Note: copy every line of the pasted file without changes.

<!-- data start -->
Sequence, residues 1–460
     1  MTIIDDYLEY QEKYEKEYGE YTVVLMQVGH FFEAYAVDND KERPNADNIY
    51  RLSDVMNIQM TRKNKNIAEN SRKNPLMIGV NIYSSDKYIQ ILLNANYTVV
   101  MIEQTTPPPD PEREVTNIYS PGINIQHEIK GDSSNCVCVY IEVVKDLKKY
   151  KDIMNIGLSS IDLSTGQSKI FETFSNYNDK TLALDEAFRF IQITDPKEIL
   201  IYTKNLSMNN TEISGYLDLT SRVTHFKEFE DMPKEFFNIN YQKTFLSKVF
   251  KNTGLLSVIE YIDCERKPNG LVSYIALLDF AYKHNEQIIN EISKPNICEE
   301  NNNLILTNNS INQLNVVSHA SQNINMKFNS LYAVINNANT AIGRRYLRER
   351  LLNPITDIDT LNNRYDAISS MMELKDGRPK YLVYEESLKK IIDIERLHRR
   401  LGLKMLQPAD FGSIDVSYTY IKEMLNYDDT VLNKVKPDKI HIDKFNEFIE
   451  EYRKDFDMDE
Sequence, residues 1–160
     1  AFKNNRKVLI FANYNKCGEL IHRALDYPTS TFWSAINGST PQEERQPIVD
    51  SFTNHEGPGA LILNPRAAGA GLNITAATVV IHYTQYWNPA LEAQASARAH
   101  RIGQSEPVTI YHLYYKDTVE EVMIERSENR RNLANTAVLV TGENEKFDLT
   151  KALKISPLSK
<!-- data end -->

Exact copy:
Sequence, residues 1–460
     1  MTIIDDYLEY QEKYEKEYGE YTVVLMQVGH FFEAYAVDND KERPNADNIY
    51  RLSDVMNIQM TRKNKNIAEN SRKNPLMIGV NIYSSDKYIQ ILLNANYTVV
   101  MIEQTTPPPD PEREVTNIYS PGINIQHEIK GDSSNCVCVY IEVVKDLKKY
   151  KDIMNIGLSS IDLSTGQSKI FETFSNYNDK TLALDEAFRF IQITDPKEIL
   201  IYTKNLSMNN TEISGYLDLT SRVTHFKEFE DMPKEFFNIN YQKTFLSKVF
   251  KNTGLLSVIE YIDCERKPNG LVSYIALLDF AYKHNEQIIN EISKPNICEE
   301  NNNLILTNNS INQLNVVSHA SQNINMKFNS LYAVINNANT AIGRRYLRER
   351  LLNPITDIDT LNNRYDAISS MMELKDGRPK YLVYEESLKK IIDIERLHRR
   401  LGLKMLQPAD FGSIDVSYTY IKEMLNYDDT VLNKVKPDKI HIDKFNEFIE
   451  EYRKDFDMDE
Sequence, residues 1–160
     1  AFKNNRKVLI FANYNKCGEL IHRALDYPTS TFWSAINGST PQEERQPIVD
    51  SFTNHEGPGA LILNPRAAGA GLNITAATVV IHYTQYWNPA LEAQASARAH
   101  RIGQSEPVTI YHLYYKDTVE EVMIERSENR RNLANTAVLV TGENEKFDLT
   151  KALKISPLSK